A 12-page VA Inspector General report released March 12, 2014, said “the Tomah police department reported suspicions that some Tomah VAMC patients were misusing their prescribed controlled substances in various ways including drug diversion,” reported the Tomah Journal’s editor.

This is in a state and region with rampant problems with heroin, meth, and drug-related crime. Since many addicts “graduate” from prescription opiates to those hard drugs, there’s no telling what kind of impact this has had in communities throughout western Wisconsin.

The La Crosse Tribune editorialized that “it’s time for the Tomah VA to come clean” shortly after the story broke. Profound words, but how about the paper gets out of bed with Ron Kind and asks him some tough questions. It’s time for Ron Kind to put down the barbell, do some lunges on his way out of the congressional gym, and come clean himself.

Kind’s office claims it received its first anonymous complaint in 2011. Yet he also claims the Tomah VA “didn’t notify me…they didn’t notify anyone.” In a press conference, Kind dodged all responsibility for the scandal, slyly shifting blame to the VA for his own failure to follow up on complaints while simultaneously offering limp platitudes about the whole situation.

At the presser, Kind said, “they (the Tomah VA staff) candidly admit they dropped the ball when they didn’t share the findings with us and they need to keep our offices better informed,” all while he “lamented allegations of a ‘culture of intimidation’ that frustrates staff members who raise issues about care.” These are the words of a miserable, lazy congressman and it’s a pathetic attempt at a news report.

(By the way, Democrats would be shocked and appalled and would no doubt jump immediately to legislate against allegations of intimidation of whistleblowers and dissenters against immoral behavior at any private corporation.)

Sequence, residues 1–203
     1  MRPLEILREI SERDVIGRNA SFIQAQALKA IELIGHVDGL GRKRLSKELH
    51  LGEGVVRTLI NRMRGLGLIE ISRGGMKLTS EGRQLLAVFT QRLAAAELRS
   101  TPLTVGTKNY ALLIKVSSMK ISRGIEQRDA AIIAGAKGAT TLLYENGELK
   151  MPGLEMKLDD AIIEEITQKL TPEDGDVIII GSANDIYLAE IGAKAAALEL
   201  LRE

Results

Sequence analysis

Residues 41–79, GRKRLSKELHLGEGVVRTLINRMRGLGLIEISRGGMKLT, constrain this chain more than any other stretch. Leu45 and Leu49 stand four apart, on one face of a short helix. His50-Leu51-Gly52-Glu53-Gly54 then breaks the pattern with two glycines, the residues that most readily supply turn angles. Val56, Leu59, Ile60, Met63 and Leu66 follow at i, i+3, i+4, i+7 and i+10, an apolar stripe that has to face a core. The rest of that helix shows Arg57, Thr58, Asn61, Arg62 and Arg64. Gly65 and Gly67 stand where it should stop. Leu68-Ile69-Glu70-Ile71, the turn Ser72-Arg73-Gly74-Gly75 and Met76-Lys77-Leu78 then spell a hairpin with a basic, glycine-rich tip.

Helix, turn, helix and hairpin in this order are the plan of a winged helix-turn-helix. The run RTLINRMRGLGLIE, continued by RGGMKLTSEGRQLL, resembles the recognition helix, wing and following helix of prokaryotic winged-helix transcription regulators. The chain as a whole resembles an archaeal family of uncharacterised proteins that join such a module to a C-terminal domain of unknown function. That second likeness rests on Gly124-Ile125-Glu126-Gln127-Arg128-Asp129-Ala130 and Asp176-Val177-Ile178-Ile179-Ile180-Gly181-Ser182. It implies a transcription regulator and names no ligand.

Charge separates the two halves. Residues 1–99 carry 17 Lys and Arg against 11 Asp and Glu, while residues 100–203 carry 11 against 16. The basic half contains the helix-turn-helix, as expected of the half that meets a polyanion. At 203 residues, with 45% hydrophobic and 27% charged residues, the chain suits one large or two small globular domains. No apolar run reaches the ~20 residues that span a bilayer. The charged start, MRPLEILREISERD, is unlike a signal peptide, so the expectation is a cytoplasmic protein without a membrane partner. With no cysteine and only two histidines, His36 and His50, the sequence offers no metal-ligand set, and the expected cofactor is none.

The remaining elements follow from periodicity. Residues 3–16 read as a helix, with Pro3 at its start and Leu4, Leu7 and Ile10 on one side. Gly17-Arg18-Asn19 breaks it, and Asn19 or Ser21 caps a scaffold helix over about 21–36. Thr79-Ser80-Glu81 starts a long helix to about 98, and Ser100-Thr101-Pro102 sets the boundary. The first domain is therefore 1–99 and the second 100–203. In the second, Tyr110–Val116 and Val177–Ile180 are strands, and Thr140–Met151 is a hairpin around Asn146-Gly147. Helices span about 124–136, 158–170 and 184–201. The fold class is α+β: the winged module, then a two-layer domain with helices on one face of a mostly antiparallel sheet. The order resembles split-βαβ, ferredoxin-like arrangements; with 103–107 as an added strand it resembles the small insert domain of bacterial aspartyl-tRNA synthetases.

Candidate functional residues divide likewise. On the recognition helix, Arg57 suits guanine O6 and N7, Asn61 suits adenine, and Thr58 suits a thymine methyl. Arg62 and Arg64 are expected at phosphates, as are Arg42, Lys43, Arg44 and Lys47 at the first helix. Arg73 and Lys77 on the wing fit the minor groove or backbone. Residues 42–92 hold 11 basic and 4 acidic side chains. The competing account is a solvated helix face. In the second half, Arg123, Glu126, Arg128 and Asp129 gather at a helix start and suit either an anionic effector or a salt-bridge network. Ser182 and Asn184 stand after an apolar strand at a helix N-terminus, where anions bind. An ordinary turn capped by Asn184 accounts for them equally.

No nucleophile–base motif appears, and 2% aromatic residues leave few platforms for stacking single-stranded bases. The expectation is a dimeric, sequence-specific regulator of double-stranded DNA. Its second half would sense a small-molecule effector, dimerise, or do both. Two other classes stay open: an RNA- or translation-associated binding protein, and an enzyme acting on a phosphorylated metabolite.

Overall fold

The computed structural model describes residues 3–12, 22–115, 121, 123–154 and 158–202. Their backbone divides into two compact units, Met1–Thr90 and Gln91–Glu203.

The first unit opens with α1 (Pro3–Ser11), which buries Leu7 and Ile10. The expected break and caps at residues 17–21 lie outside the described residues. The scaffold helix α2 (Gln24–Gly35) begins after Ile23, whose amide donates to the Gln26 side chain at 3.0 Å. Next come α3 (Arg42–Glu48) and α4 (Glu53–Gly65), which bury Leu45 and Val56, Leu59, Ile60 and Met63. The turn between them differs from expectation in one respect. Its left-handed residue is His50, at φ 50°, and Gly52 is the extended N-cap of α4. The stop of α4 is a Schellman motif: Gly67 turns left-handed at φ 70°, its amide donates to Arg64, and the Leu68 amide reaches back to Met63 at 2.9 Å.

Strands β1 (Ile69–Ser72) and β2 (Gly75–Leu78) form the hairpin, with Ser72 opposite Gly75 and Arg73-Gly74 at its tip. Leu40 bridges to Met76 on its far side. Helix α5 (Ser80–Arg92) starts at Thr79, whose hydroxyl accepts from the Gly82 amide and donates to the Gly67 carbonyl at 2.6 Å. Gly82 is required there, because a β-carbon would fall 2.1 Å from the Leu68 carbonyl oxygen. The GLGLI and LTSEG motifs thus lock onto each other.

Kind’s office did hear complaints prior to the Office of the Inspector General’s report’s release early last year. He was aware, yet by all appearances did nothing to look into the issue further or bring the issue to light. Why, during last year’s campaign, did Kind offer ebullient praise for the Tomah VA if he knew things were fishy?

I worked for Tony Kurtz, the Republican who ran against Kind last fall. Scrounging for opposition research against Kind, we heard some hearsay about the free-flow of pills at Tomah, but we couldn’t substantiate anything. Surely the sitting congressman would have as much – and probably much more – insight as some insurgent campaign.

The timing of the publication of the OIG report and subsequent media is suspect, coming out just after an election that could’ve been perilous for Kind. Kind won handily – 57-43 – but an issue like this could’ve destroyed his coiffed image as a conscientious defender of those who the majority of voters want defended.

Claims by lethargic, lead-from-behind politicians like Ron Kind that he didn’t know are demonstrably bogus:

“But the problems disclosed should not have surprised politicians or federal officials: Health care professionals at the hospital have complained for at least five years about Houlihan’s prescription practices and his retaliatory management style — filing numerous reports with those in charge of oversight,” reported the Center for Investigative Journalism.

The story itself was titled, “Alarm over overmedication, retaliation follows years of complaints.”

We elect leaders to lead. Ron Kind – along with Sen. Jennifer Shilling, whose district borders Tomah and who thus far has escaped unscathed; and Sen. Julie Lassa, in whose district the facility is located – and those supposed leaders have sat idly by as complaints added up and a serious problem became evident.

During last year’s Phoenix VA scandal, Ron Kind proposed a “blue ribbon commission” to investigate the problems.

People like Ron Kind are exactly what’s wrong with our government.

Shoddy Leadership

Over at Right Wisconsin, I shared my perspective on Jennifer Shilling as a lifelong resident of her district and apparatchik on her opponent’s 2012 campaign:

A passive approach to legislating, a lazy approach to campaigning, and a Madison-radical-lite approach to adversity: that’s Jen Shilling, now a party leader. Will the Shilling Senate be content with sulking? Or will it be the Senate that fled the state?
Republicans win either way.
I suppose I’m irked that a lazy pol who plays dirty made her way to the top, which shouldn’t be any surprise. On second thought, it’s probably a good thing it’s her and not someone remotely competent running the Democrat minority.
Whole thing here.